After being nominated by the president of Slovenia earlier this spring, Klemen Jaklič LL.M. ’00 S.J.D. ’11 has been elected Judge of the Constitutional Court of the Republic of Slovenia by the Slovenian parliament. His nine-year term officially started on March 27.

Jaklič, who has been teaching at Harvard in various roles since 2008, will take up full service after completing his spring semester teaching commitments. Currently a fellow at the Carr Center on Human Rights at the Kennedy School, Jaklič was a lecturer on law at HLS during the spring 2012 semester, among other appointments.

In 2000, Jaklič completed his LL.M. in comparative constitutional law at Harvard Law School, and then continued his doctoral studies at Harvard on a Fulbright fellowship, receiving his S.J.D. in 2011. While at Harvard Law, he worked under the mentorship of Professors Frank Michelman ’60, Laurence Tribe ’66, constitutional law experts; and Professor Henry Steiner ’55, an expert in human rights law.

Concurrently, he studied constitutional law with Professor Paul Craig at Oxford University. This parallel research on both continents, and under the supervision of the field’s leading authorities, provided him with insight into the comparative dimensions of European and U.S. constitutional law.

Michelman and Tribe joined Craig and Harvard Kennedy School Philosophy Professor Mathias Risse in a letter to the president of Slovenia supporting Jaklič’s judicial nomination. They wrote: “As senior scholars in the fields of constitutional law, human rights and European institutions, and speaking from years of close association with Dr. Jaklič’s scholarly work and accomplishments in this fields, we know him as a legal scholar and thinker of exceptional ability and as a morally upright person devoted to the advancement of democracy, human rights and fidelity to law. We would expect him to give most excellent service as a Judge of the Constitutional Court.”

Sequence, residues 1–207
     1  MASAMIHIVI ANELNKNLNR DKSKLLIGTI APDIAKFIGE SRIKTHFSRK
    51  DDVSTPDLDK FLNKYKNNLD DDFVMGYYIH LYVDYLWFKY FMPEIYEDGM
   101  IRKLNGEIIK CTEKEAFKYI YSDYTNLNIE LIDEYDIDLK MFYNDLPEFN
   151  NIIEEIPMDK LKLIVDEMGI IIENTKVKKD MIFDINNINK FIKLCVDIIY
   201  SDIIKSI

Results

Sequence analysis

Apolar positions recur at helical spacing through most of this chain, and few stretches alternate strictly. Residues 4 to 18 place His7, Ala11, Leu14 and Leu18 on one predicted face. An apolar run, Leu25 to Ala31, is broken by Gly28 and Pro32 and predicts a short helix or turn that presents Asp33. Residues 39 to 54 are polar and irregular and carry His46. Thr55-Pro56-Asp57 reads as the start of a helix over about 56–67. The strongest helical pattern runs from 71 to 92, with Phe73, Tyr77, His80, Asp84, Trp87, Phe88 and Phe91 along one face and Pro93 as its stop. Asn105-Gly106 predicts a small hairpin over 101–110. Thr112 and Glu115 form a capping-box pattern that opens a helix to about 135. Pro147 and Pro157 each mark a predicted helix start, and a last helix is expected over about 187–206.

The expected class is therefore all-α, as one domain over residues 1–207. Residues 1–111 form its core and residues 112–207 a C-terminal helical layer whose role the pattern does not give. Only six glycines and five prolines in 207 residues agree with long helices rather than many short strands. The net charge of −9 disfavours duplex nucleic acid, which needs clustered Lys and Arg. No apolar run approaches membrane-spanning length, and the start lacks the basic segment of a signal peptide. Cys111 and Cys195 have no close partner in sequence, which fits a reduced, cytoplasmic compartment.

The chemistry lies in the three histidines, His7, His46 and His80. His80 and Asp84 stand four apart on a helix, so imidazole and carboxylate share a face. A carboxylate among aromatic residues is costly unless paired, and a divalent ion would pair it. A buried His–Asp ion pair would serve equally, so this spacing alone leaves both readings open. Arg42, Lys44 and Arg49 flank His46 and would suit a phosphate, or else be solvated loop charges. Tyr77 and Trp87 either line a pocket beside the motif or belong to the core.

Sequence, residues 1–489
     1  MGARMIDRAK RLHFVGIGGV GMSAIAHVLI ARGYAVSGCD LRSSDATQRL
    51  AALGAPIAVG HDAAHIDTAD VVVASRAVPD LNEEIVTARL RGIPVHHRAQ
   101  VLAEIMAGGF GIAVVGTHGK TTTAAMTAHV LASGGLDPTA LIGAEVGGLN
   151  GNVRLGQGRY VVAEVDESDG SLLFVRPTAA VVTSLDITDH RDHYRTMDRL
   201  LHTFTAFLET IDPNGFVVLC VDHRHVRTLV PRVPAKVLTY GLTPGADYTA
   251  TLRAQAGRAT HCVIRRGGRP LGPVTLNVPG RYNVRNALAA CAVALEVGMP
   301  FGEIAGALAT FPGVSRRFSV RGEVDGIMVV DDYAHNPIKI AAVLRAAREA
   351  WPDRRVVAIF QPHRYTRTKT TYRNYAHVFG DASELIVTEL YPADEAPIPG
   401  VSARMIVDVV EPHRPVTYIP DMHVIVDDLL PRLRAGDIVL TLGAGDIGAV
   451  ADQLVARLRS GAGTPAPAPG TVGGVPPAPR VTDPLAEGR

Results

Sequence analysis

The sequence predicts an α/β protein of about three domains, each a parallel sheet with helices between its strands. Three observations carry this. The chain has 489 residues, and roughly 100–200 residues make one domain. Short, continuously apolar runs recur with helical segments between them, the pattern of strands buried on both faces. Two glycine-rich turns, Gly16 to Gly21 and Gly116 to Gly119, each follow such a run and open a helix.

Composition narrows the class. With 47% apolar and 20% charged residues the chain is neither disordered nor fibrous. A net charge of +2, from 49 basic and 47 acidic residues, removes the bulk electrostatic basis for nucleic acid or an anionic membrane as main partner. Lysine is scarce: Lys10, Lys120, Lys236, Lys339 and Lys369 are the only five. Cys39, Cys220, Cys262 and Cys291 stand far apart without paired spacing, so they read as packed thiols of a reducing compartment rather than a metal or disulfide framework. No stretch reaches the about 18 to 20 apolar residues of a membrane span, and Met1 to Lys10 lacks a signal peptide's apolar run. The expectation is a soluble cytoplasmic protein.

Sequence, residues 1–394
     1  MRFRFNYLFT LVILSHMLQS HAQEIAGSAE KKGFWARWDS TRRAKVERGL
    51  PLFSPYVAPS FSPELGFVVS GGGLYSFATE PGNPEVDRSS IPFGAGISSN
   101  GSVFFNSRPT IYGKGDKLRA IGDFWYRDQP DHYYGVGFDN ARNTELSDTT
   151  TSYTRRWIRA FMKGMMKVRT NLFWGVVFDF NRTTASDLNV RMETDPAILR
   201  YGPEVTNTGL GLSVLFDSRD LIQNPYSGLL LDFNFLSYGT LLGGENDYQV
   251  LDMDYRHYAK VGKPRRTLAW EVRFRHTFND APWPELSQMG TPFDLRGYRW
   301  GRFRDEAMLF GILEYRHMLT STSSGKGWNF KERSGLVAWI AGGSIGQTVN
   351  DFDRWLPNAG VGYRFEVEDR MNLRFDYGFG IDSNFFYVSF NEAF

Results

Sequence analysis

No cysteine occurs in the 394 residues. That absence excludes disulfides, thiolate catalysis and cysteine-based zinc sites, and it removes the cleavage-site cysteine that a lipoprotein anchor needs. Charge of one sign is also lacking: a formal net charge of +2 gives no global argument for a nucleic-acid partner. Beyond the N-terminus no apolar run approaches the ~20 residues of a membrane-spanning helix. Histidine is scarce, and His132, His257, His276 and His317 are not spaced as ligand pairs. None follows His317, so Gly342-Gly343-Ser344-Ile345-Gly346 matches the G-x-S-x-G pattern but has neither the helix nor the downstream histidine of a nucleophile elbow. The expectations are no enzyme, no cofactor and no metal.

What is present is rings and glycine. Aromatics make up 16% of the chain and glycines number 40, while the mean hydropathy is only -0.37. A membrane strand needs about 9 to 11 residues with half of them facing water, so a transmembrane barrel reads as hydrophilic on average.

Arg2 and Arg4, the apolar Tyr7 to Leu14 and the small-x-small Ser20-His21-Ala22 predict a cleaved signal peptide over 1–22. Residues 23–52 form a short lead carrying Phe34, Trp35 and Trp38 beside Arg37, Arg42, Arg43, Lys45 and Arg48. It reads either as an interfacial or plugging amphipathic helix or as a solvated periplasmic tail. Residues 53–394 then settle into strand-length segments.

After completing his first doctorate at Oxford in 2008 (D.Phil. in European constitutional law), he began teaching at Harvard University and he has received a range of awards, including Harvard’s Mancini Prize for best work in European law and European legal thought. He has authored or co-authored more than two hundred contributions in the field of constitutional law, including leading commentaries on the Slovene Constitution and the first Slovene translation of, and commentary on, the U.S. Constitution.

In 2012, he completed his four-year mandate as a full member of the European Commission for Democracy through Law (the Venice Commission).

In 2014, Jaklič’s book “Constitutional Pluralism in the EU” was published by Oxford University Press, the first and only monograph by a Slovene legal scholar ever published by the press. That year, the Harvard Law School Library hosted a book talk and panel discussion about this work which was moderated by Harvard Law Professor William Alford ’77, vice dean for the Graduate Program and International Studies, and featured commentary by Frank Michelman and Vlad Perju LL.M. ’02 S.J.D. ’07, professor and director of the Clough Center for the Study of Constitutional Democracy at Boston College Law School.

Read more about Klemen Jaklič on the website of the Constitutional Court of the Republic of Slovenia.